Russia pulls players from national sports teams due to meldonium

Meldonium
AP
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MOSCOW (AP) — No one will face criminal charges over the worst doping scandal in Russia’s history, the country’s sports minister said Friday.

A report in November by a World Anti-Doping Agency commission alleged systematic, state-sponsored drug use in Russian track and field and a widespread cover-up of doping.

The former head of the Russian track federation was also accused of a role in extorting 450,000 euros ($500,000) from a marathon runner and was later banned for life.

“The General Prosecutor’s office carefully examined the report in question and did not find a single legally supported fact to open any kind of case,” Russian Sports Minister Vitaly Mutko told sports portal Sportfakt.

The WADA report led to Russia being suspended from international track and field, including the Olympics.

Mutko also admitted that Russia had been forced to withdraw players from its national teams at major competitions because of the risk they could test positive for meldonium, a drug for patients with heart disease which was widely used as a supplement in Russian sports but was banned for 2016. The ban prompted a spate of positive tests among top Russian athletes, including Maria Sharapova.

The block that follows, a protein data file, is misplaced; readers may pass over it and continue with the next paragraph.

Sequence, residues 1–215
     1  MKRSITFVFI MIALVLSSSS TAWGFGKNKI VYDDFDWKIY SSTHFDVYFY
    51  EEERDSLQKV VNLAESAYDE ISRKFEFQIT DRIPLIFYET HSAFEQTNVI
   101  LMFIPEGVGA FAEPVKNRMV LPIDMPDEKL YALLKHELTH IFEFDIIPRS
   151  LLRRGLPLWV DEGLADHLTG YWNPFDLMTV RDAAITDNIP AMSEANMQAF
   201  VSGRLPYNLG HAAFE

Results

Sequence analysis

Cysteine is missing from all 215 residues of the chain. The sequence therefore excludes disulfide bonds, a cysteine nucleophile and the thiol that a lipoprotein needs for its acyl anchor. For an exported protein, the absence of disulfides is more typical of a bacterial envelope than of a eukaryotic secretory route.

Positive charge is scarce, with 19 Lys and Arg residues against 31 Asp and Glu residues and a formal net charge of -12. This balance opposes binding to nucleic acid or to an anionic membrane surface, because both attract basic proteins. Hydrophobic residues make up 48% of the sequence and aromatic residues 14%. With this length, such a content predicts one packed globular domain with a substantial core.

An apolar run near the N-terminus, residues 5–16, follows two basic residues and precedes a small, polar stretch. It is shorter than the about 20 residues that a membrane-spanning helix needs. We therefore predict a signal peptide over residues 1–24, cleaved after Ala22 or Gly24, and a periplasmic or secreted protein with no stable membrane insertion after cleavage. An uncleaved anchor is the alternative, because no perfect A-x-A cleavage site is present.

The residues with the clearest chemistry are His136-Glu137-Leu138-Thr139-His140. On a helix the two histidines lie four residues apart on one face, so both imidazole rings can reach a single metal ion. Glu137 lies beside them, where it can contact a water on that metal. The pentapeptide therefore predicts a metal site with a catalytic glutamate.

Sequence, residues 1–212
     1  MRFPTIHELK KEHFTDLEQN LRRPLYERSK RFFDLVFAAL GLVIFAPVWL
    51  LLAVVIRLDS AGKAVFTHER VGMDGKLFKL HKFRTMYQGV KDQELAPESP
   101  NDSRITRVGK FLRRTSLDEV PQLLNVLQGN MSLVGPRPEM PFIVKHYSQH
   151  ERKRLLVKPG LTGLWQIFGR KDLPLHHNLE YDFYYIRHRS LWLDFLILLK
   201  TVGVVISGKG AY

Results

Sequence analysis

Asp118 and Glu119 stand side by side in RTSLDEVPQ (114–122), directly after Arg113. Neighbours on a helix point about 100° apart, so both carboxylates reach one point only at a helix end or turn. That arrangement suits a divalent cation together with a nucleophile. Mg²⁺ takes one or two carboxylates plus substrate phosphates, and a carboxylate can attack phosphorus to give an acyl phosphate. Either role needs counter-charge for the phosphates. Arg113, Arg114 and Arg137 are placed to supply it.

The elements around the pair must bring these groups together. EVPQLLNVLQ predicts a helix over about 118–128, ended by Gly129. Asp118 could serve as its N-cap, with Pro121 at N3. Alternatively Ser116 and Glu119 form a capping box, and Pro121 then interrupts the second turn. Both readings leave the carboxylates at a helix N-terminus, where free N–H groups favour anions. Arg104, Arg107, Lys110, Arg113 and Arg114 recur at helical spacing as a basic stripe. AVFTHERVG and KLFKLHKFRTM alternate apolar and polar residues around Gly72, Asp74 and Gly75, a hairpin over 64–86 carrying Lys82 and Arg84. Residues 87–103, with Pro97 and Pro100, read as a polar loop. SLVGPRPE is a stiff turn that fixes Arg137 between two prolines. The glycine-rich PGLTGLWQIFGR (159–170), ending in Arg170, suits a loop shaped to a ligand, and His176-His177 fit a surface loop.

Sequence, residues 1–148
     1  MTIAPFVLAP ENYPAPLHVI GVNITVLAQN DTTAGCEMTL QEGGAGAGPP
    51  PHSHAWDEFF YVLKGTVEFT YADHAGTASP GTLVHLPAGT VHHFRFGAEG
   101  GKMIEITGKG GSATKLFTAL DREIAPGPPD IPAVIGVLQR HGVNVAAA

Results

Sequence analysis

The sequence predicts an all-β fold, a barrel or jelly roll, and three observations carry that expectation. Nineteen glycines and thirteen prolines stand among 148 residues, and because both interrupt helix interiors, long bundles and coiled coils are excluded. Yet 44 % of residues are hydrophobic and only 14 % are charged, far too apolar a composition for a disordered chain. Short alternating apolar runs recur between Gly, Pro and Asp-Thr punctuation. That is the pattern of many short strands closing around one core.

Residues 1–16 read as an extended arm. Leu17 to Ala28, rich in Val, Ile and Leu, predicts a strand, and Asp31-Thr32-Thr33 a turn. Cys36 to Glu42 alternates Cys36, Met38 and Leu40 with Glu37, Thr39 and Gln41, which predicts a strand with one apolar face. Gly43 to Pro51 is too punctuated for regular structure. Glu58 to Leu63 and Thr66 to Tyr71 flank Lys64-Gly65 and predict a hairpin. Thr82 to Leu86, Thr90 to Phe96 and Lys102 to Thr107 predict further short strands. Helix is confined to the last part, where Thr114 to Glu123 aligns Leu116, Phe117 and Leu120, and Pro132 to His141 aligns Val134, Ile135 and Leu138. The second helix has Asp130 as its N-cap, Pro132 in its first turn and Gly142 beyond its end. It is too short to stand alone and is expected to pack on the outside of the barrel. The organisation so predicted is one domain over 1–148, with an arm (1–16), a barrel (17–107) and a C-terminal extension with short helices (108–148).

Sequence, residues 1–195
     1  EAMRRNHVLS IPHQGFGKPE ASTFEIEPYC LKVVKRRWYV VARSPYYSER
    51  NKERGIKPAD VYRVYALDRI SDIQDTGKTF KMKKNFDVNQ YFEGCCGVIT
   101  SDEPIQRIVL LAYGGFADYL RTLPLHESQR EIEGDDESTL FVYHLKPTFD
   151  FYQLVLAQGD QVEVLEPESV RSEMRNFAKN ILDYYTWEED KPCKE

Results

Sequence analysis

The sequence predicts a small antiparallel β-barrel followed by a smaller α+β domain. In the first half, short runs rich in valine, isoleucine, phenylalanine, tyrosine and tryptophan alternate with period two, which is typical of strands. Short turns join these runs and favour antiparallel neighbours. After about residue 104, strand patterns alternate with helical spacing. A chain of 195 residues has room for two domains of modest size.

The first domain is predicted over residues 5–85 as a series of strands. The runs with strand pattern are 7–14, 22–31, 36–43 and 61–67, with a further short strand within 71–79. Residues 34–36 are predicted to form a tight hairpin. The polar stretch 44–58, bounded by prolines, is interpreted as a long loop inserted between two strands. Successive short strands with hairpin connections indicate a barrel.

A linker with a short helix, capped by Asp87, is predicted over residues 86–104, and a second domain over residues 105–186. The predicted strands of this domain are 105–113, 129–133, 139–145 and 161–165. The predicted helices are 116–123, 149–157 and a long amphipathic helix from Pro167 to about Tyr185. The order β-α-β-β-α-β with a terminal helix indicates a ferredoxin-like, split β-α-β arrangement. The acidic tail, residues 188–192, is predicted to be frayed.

Mutko’s comments came a day after almost the entire Russian national under-18 hockey team was cut from next week’s World Championships and replaced with an apparently weaker under-17 squad. The change was announced the day before the under-18 team had been expected to fly to the United States.

Mutko said some players had taken meldonium while it was still legal but that Russian officials feared it could have remained in their bodies.

“If an athlete or a group of athletes took it in October or November, we don’t know if it’ll be found or not (in testing),” Mutko said in comments reported by the state news agency Tass. “We’re minimizing risks.”

He did not explicitly link his comments to the hockey situation. Russian Hockey Federation president Vladislav Tretiak previously said the roster change was “tactical.”

It was the latest in a string of surprise team changes in Russian sports in recent weeks.

The entire national men’s curling team was changed a day before its World Championships, with the Russian Curling Federation denying a link to meldonium. The replacement team went on to lose nine of 11 games.